Lifetime Achievement Winners
Criteria for eligibility:
- SFPFS Member for at least 10 years – not necessarily consecutive
- Shared with the culinary world
- Active in community service
- Excels in their field
- Possesses mentor qualities
- Dedication to the SFPFS
Joyce Goldstein – Lifetime Achievement Award in February 2017
JOYCE GOLDSTEIN is a consultant to the restaurant and food industries. Her areas of expertise are menu design, recipe development, staff training and kitchen planning. For twelve years she was Chef/Owner of the ground-breaking Mediterranean Restaurant, SQUARE ONE, in San Francisco. Her menu presented the foods of Italy, Spain, France, Greece, Turkey, the Middle East and North Africa. SQUARE ONE won numerous prestigious industry awards for food, wine and service.
Prior to SQUARE ONE, Joyce was chef of the Cafe at Chez Panisse for 3 years. She was founder and director of the California Street Cooking School, San Francisco’s first international cooking school. Joyce taught kitchen design for the University of California’s Department of Architecture.
In addition to her consulting work, Joyce was Visiting Executive Chef of the Wine Spectator Restaurant at the Culinary Institute of America at Greystone in the Napa Valley. Joyce was voted San Francisco FOCUS magazine’s Chef of the Year in 1992. She received the James Beard Award for Best Chef in California for 1993. In 2005 she received the Lifetime Achievement award- from Women Chefs and Restaurateurs.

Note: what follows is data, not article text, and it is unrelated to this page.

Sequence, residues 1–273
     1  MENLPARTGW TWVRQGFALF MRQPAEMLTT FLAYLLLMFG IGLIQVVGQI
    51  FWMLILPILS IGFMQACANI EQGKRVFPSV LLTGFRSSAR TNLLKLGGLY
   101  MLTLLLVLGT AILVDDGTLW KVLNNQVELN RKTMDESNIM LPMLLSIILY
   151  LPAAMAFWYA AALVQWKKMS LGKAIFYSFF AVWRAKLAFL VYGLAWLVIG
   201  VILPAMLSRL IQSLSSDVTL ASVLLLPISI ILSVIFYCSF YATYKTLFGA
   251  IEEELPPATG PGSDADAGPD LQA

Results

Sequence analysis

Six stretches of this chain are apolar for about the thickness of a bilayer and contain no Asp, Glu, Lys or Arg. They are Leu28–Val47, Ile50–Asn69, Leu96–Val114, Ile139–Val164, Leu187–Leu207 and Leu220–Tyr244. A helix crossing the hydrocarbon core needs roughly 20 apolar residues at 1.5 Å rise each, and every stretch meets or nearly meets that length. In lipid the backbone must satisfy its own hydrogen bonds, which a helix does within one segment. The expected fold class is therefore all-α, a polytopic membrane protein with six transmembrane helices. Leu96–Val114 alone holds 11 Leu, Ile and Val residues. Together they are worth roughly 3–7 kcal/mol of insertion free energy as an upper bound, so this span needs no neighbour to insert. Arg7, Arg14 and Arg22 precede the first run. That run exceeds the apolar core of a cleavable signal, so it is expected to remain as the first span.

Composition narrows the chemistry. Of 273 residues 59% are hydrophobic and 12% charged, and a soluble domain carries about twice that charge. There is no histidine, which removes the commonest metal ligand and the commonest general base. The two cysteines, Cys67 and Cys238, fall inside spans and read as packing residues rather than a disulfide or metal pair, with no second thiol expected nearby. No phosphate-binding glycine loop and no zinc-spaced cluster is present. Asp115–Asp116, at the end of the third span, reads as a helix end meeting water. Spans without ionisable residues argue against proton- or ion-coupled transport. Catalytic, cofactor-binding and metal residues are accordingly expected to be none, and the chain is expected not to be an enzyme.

Joyce has written 30 cookbooks. William Morrow published The Mediterranean Kitchen in 1989 and Back to Square One: Old World Food in a New World Kitchen, winner of both the Julia Child and James Beard Awards for Best General Cookbook of 1992. Her most recent publication, The New Mediterranean Jewish Table: OldWorld Recjpes for the Modern Home, was published in 2016.
Joyce has written for Fine Cooking, Gourmet, Wine & Spirits, and Food & Wine, Vegetarian Times, and for the San Francisco Chronicle. She wrote wine and food pairing columns for The Sommelier Journal. She developed recipes for Dr. Dean Ornish, U.S. Potato Board, POM Wonderful, the California Rice Council, and recipes for the delicatessen at the Jewish Community Center in San Francisco and Prentice Women’s Hospital in Chicago. Joyce is a Founding Member of the Association of Women Chefs and Restaurateurs and served on the Awards Committee for the James Beard Foundation for six years.